Thursday, 18 June 2009

"Music is an emanation from heaven"

The Avison Society continues its year of celebration with a special concert. Details below from their press release.


A Triple Anniversary Celebration!

THURSDAY July 9th at 7.30pm
St Mary’s Roman Catholic Cathedral, Newcastle upon Tyne

The Avison Ensemble presents this special event at St Mary's Cathedral, Newcastle upon Tyne, as part of the Avison tercentenary celebrations.

James Bowman (Counter tenor) and Dr Andrew Gant (Organist, Choirmaster and Composer at Her Majesty’s Chapel Royal) and other members of the Chapel Royal Choir with the Avison Ensemble perform anthems by Handel and Purcell that were written specially for the Chapel Royal. The programme includes an anthem by Charles Avison, previously unheard in modern times due to a missing part, which has been composed by Andrew Gant, especially to complete the work for this performance.

2009 celebrates the tercentenary of the birth of Newcastle-born composer, Charles Avison in 1709 and the City is in celebration of the occasion! This year also marks the 250th anniversary of the death of Handel in 1759 and the 350th anniversary of the birth of Purcell in 1659.

This concert is a triple celebration of 3 of the most important composers of the baroque period.

Gordon Dixon, CEO of the Avison Ensemble said: “2009 is a unique celebration. Two of England’s most important composers of choral music share an anniversary with Avison who, though he worked in the Cathedral at Newcastle most of his life, wrote only one anthem. It is a great opportunity to bring this interesting piece back into use.”

The Chapel Royal has been in existence since before the Norman Conquest, and in its early years its function was mainly peripatetic, accompanying the Monarch around the country and indeed beyond: the Chapel Royal went with Henry V to Agincourt, where Mass was sung before the battle, and with Henry VIII to the Field of the Cloth of Gold. In Tudor times it played a major role in enhancing the splendour and magnificence of the court and The King, and in addition to their musical duties the Children were required to act in plays, masques and pageants to impress important visitors.

The Chapel had a unique role in the development of English church music, partly because it had the power to "impress" the best choristers from around the country, and partly because as the Monarch's private Chapel it was, to a certain extent at least, immune from the severe restrictions placed on the composition and use of music by the various religious reforms of the 16th and 17th centuries. It thus employed many leading musicians, including Cornyshe, Fayrfax, Tallis, Byrd, Gibbons, Blow, Purcell, Handel, S.S.Wesley and Arthur Sullivan.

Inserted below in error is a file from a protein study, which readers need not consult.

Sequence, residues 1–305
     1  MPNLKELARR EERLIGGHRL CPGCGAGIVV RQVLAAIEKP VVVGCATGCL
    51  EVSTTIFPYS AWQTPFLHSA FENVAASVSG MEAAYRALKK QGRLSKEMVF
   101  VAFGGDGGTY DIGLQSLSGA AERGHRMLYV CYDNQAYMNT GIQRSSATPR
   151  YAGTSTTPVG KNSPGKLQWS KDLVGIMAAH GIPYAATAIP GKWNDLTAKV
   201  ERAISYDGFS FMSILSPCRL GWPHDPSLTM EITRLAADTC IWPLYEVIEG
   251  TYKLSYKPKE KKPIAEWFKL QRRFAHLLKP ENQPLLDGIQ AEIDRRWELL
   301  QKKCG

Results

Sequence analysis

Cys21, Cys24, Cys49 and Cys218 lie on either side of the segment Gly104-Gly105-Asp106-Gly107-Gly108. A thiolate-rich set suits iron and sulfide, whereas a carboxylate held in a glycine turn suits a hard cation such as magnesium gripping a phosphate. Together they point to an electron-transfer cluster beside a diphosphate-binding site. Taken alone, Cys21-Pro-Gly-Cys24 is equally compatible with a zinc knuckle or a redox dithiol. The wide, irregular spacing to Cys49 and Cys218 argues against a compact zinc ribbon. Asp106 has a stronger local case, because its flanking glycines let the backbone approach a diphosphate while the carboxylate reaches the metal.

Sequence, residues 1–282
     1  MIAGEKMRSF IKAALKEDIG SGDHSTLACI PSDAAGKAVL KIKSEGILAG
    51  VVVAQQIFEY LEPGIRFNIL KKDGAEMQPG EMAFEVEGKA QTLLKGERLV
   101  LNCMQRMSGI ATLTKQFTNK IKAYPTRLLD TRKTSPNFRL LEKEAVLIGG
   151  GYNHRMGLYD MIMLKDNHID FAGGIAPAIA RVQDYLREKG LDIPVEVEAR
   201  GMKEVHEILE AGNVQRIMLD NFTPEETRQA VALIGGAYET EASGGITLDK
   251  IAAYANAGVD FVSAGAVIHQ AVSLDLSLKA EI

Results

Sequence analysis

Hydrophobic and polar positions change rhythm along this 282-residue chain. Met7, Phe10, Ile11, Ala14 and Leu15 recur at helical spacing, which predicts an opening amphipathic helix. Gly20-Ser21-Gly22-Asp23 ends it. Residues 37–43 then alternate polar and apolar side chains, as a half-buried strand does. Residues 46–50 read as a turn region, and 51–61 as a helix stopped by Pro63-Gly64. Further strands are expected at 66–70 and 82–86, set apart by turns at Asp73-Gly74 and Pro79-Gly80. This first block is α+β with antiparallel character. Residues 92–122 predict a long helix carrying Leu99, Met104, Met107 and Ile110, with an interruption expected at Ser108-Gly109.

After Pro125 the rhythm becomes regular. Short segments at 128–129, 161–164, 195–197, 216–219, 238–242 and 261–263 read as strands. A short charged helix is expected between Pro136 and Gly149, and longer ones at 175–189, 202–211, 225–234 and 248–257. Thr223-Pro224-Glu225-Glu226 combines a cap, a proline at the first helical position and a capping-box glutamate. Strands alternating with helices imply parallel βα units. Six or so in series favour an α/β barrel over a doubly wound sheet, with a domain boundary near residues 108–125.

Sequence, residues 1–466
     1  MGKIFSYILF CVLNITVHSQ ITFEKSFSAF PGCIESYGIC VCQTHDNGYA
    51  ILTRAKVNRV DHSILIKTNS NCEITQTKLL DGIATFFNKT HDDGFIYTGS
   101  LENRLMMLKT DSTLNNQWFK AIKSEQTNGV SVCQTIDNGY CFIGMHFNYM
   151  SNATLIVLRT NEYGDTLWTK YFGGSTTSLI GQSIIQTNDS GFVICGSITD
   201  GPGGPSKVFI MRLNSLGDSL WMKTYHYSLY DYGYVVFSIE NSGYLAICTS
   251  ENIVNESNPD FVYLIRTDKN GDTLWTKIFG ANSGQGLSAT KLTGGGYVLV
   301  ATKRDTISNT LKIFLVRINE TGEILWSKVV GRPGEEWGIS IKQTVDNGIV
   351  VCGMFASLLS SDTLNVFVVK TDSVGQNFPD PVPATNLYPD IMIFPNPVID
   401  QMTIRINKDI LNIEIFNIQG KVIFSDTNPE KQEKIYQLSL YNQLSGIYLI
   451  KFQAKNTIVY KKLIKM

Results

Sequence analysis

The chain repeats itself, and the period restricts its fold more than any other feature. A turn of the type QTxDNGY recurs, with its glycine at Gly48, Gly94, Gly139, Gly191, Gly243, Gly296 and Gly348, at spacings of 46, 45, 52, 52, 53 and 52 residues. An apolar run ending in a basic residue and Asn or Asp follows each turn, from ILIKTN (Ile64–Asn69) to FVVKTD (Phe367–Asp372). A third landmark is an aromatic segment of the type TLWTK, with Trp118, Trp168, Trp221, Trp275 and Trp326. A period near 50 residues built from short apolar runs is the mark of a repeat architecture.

Made up of some of Europe’s leading musicians and soloists, The Avison Ensemble is the North East’s most famous exponent of 18th century music as well as being the standard bearer for Charles Avison. A composer, conductor, organist and writer of music, Avison is considered by many to be the most important English concerto composer of that period.

The Ensemble uses period instruments to recreate the distinctive ‘sound world’ that Avison would have known. The Avison Ensemble is a Regularly Funded Organisation by Arts Council England.

Tickets: £12 from JG Windows Ltd, Central Arcade, Newcastle upon Tyne."

Click here to go to their website for full details and other events.

Monday, 15 June 2009

Carrie Ackroyd

Carrie Ackroyd will be talking about her work to The Friends of the Hatton Gallery on Tuesday 16th June at 6.30 in the Hatton Gallery.

"The FOTH’s next talk will attract those interested in watercolour, prints, linocut, engraving, book-illustration, ecology and the preservation of the landscape. It is by Carry Akroyd, painter, printmaker, illustrator, resident of rural East Northamptonshire and member of the Society of Wildlife Artists."

"Those familiar with John Clare’s poetry will know her illustrations of The Shepherd’s Calendar (2006) and The Wood is Sweet (2005). Or if you have seen The Great Fen (2006), you will have found her paintings which derive from and represent, but do not slavishly depict, the natural world. Like Clare, whom she greatly admires, she wishes to depict and deplore the changes in the landscape while recognizing both the beauty and the necessity of change. You might have seen her latest exhibition at the Byard Gallery in Cambridge. In any case you can get a preview of her work at"